Shortly after Doctor Strange came another multiverse movie, Everything Everywhere All At Once.  Written and directed by Daniel Kwan, Daniel Scheinert based on the Modal realism theory.  The title refers to the “villain” of the movie, who has the power to see and feel everything everywhere all at once.  This results in the belief that nothing really matters, in any universe and the plan to suck all of the multiverse into an infinite void of nothingness.  This is an interesting point, as it has often been a criticism of the use of time travel and multiverses within stories.  It reduces the stakes.  As is often said, No one stays dead except Uncle Ben. In this movie our hero (Michelle Yeoh) doesn’t exactly travel between universes, the way it is used is a little different to anything.  Receiving universal critical praise and doing exceptionally well at the box-office, it is a better and more fun movie than Doctor Strange In The Multiverse Of Madness

Around the same time as seeing these two movies I read a book The Midnight Library by Matt Haig.  This gives a more believable multiverse within its own fantasy.  The protagonist, Nora chooses to take her own life.  She wakes up in the library of the title, where she is given the choice to live a different life, the life she would be living had she made a different decision in the past.  As she steps into the different lives it becomes clear that the decisions she makes effect not just her, but all the people around her.  The promise, when she finds the life in which she’s the most content, she will remain and live out that that life.  There is no great surprise, the message and the outcome are clear from very early on.  If we are not to multiversed out by then, there will be a movie adaptation, StudioCanal and Blueprint Pictures optioned the film rights a week before the book was published in 2020.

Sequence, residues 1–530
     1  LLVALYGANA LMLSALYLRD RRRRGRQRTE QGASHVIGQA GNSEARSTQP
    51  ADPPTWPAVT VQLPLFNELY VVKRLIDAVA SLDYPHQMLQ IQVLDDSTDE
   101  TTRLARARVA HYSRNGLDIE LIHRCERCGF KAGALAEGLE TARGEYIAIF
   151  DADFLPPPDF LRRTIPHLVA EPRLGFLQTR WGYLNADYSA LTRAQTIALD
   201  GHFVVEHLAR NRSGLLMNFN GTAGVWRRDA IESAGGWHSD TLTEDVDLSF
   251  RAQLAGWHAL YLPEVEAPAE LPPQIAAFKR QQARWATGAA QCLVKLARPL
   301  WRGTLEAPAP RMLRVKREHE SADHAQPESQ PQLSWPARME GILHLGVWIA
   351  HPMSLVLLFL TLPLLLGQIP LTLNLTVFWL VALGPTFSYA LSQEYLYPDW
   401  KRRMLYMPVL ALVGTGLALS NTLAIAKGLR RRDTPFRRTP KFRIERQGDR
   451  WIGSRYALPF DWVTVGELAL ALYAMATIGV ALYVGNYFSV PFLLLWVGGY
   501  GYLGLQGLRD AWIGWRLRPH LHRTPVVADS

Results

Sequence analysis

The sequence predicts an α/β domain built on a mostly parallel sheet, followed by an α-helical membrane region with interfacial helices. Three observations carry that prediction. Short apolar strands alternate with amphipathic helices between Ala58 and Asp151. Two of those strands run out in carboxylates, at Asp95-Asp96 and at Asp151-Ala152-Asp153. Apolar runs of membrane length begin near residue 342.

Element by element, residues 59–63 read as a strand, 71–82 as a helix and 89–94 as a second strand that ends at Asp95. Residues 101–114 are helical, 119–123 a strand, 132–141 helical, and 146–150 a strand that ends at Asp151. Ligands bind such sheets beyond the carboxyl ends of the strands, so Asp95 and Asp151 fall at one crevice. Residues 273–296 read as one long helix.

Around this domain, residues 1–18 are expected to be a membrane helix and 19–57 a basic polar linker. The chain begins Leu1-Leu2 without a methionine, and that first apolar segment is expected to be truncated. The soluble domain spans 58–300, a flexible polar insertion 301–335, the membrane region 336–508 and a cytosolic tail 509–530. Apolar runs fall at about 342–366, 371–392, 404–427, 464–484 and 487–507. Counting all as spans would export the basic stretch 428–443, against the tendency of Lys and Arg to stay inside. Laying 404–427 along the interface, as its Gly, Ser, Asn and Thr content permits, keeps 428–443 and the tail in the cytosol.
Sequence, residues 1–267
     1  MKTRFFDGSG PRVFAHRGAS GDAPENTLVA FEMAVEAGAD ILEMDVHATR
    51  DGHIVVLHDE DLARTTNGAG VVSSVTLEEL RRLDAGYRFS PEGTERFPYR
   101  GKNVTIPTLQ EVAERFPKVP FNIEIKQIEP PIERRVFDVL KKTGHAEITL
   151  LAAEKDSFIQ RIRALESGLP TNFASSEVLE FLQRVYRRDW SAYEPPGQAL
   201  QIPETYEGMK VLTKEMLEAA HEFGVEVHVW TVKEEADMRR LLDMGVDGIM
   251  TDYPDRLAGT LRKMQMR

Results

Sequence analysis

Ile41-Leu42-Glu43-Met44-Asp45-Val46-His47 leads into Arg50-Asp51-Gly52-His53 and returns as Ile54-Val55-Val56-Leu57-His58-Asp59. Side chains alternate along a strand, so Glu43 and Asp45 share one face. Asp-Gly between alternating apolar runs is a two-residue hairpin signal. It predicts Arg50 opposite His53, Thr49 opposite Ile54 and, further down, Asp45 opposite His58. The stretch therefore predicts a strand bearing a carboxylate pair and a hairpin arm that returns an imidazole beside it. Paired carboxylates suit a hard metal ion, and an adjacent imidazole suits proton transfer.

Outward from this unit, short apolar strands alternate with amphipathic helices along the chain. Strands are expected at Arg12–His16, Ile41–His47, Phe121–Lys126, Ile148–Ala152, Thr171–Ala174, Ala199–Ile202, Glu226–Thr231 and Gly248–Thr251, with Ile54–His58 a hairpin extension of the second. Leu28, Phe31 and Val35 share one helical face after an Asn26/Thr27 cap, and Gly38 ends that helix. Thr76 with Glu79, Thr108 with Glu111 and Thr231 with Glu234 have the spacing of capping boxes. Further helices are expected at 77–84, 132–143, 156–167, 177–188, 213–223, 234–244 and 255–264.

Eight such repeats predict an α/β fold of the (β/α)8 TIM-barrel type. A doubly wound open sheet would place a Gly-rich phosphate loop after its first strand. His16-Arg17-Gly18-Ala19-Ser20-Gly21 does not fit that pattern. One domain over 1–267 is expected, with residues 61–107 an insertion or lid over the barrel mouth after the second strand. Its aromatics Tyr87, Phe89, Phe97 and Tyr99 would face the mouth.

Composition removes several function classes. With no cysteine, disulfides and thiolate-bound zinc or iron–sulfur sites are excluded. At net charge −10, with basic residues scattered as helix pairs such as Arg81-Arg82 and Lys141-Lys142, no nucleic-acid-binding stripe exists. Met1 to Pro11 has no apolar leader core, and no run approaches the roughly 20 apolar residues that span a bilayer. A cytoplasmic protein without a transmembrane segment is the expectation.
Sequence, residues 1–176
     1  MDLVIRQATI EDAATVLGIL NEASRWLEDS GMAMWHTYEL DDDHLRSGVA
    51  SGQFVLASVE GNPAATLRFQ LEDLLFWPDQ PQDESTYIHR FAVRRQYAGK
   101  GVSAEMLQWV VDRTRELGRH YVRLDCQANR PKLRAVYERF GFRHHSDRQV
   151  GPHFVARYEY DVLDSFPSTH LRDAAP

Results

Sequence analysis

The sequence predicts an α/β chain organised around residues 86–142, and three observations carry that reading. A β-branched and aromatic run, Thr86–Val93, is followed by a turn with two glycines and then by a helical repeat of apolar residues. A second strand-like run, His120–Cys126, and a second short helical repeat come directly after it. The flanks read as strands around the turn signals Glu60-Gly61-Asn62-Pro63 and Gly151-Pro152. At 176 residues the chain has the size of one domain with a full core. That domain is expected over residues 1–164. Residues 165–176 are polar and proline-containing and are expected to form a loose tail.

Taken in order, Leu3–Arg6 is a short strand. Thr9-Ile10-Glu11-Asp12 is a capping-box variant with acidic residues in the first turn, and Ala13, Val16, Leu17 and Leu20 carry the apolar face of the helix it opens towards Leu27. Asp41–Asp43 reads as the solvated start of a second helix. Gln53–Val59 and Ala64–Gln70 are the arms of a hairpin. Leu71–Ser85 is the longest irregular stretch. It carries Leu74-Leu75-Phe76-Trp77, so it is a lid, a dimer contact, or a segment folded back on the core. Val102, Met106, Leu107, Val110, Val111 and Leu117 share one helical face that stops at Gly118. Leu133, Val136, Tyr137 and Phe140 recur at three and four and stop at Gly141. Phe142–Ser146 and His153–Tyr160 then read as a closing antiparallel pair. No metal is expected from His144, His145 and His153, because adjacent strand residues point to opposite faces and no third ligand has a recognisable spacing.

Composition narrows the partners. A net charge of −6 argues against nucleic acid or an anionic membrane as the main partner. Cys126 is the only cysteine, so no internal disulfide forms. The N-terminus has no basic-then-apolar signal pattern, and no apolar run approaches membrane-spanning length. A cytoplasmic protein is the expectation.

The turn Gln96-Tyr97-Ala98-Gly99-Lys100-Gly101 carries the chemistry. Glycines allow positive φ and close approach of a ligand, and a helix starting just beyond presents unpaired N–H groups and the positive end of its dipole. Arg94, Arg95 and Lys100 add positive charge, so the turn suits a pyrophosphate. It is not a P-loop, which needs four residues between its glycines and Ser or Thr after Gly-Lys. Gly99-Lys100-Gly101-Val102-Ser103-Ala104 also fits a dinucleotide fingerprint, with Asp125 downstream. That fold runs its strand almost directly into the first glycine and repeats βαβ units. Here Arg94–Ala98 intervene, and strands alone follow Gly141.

The presence of Reed Richards/ Mister Fantastic (John Krasinski) and Charles Xavier (Patrick Stewart) suggest this is the door that will bring The Fantastic Four and The X-Men into the MCU.  But, it is a door they cannot close!  This is going to require some creative storytelling so we don’t end up with all MCU stories being multiverse movies, as much fun as they have been they could get very boring very quicky.  The more we explore it the less sense it will make, and lets not forget, we no longer have Tony Stark to tell us “That’s not how quantum physics works”. 

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  1. Spider-Man: Into the Spider-Verse – Not an MCU movie, but part of Sony’s own ever more confusing cinematic universe. Like Peter Parker before him, Miles Morales is bitten by a radioactive spider and becomes a new Spider-Man. At the same time Kingpin opens a portal to other alternate realities, bringing multiple Spider people into Miles’ world.  Using an ever changing array of animation styles to create a bizarre and bonkers movie that is also amazing fun, and very funny, as well as being full of heart.   The freshest and funniest comic book movie for a very long time.  The voice cast is amazing, Shameik Moore is joined by: Jake Johnson, Hailee Steinfeld, Mahershala Ali, Brian Tyree Henry, Lily Tomlin, Zoë Kravitz, Nicolas Cage, Liev Schreiber, and Chris Pine.220px-Spider-Man_Into_the_Spider-Verse_poster
  2. Black Panther – So much has been said about Black Panther, possibly the most significant is the quality of the villains, Andy Serkis as Ulysses Klae, the over the top moustache twirling comic villain and Michael B. Jordan as the more interesting and nuanced Erik Killmonger (with a name like that, he was never going to be a hero!).  The supporting cast is fantastic, all the characters played by Lupita Nyong’o, Danai Gurira, Letitia Wright, and Daniel Kaluuya were interesting enough that they could have had their own movie. Angela Bassett is sadly underused. Not as original or as fun as Thor Ragnarok, but it certainly has enough going on to please Marvel fans and for those who are new to the series. Importantly, It also works as a standalone film.Black Panther